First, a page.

Chasing The Northern Lights (Aurora Borealis) in Iceland

The northern lights - Aurora Borealis - is one of the most famous natural phenomenon, appearing as mainly twisted greenish ribbons and streaks that light up the dark sky. Unfortunately, this display of the beauty of nature occurs only on very northern (and also southern - southern lights) latitudes and thus it is quite difficult to spot. Apart from getting to the remote places where Aurora Borealis can be found, one has to be really lucky not only with the solar activity but also with the weather.

It was always one of my biggest dreams to be able to admire this wonder in real life, and during my very short stay in Iceland, although the solar activity was low and the weather quite unpredictable, I managed to see it.

 

What are the northern lights and why do they occur

 

Northern lights occur as a result of the solar wind which carries particles ejected from the sun out into space. The particles get trapped in the Earth's magnetic field which sends them towards the poles where they collide with the atmosphere creating the beautiful display of colorful lights. The most common light is green, although the reds, blues and purples also occur. It depends on the altitudes at which the particles hit the oxygen in the atmosphere. The red occurs at the highest altitude while the blue at the lowest. The green light is the most common, other colors appear mainly when the solar activity is high. This phenomenon also takes place on other planets, it has been observed on Jupiter, Saturn and also Uranus and Neptune.

 

How, where and when to observe the northern lights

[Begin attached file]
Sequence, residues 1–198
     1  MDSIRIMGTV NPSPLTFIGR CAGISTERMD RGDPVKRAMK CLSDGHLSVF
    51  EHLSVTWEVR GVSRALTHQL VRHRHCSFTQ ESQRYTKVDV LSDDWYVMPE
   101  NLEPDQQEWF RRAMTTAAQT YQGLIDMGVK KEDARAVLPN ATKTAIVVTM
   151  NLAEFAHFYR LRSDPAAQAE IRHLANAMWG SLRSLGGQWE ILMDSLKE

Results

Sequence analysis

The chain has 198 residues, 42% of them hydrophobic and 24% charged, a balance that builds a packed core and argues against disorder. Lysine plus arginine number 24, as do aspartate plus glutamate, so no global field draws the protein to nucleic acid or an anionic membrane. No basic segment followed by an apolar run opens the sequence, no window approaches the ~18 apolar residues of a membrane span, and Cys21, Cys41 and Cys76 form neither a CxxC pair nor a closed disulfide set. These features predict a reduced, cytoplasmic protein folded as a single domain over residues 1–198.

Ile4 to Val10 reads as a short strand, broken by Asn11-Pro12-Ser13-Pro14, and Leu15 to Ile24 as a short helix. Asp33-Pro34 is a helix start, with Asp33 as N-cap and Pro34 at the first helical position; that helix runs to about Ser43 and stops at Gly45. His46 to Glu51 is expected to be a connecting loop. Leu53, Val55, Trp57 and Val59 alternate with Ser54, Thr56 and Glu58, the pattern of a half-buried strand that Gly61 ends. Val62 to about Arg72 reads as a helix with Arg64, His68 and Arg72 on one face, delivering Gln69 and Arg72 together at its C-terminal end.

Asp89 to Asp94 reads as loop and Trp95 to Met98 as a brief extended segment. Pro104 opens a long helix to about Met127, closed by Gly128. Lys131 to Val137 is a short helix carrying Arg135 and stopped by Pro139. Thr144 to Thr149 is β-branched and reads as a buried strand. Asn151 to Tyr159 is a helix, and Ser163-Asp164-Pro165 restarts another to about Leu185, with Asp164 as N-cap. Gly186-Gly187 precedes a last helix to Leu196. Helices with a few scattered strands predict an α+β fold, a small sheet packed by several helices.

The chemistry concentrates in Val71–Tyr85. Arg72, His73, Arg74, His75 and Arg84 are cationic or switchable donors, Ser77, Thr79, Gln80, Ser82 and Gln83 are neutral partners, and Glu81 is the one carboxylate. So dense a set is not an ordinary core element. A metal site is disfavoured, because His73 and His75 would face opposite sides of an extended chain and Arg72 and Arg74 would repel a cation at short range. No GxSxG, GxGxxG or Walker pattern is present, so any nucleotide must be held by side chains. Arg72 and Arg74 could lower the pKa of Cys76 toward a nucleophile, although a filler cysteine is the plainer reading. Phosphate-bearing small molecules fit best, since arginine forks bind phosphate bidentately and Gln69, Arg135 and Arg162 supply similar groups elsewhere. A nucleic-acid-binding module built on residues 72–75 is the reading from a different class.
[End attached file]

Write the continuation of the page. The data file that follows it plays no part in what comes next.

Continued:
To see Aurora Borealis, you must reach the subarctic northern territories. There are a few factors that must be present for you to enjoy it in the best way. Firstly, darkness. You need darkness to see the northern lights as they are not as bright as the sunlight. That limits the time when they can be spotted only to the winter season, as on high latitudes, there's 24 hours daylight during the summer months. So the best time is from October to March.

Secondly, you need good weather. The sky must be clear and the weather can be pretty unpredictable in places such as Iceland. I met people who tried to go on northern lights tours 5 nights in a row and still hadn't seen them...

Thirdly, as you have probably figured it out already, you need luck ;). During my first attempt of catching the lights, we left Reykjavik with a snowstorm and after an hour drive, we got to a place where the sky cleared up completely. The view of the stars and the milky way was incredible. Perfect conditions for observing Aurora Borealis. So, we were waiting for around 4 hour until 1 am staring at the dark sky and... nothing. Nothing appeared. On the second night, it was a bit cloudier and we were about to go back when suddenly someone spotted greenish haze on the sky. Finally, they were there. The northern lights. I got really lucky to see them during the second attempt. It makes you want just to look at the sky and not move at all. Unbelievably wonderful experience.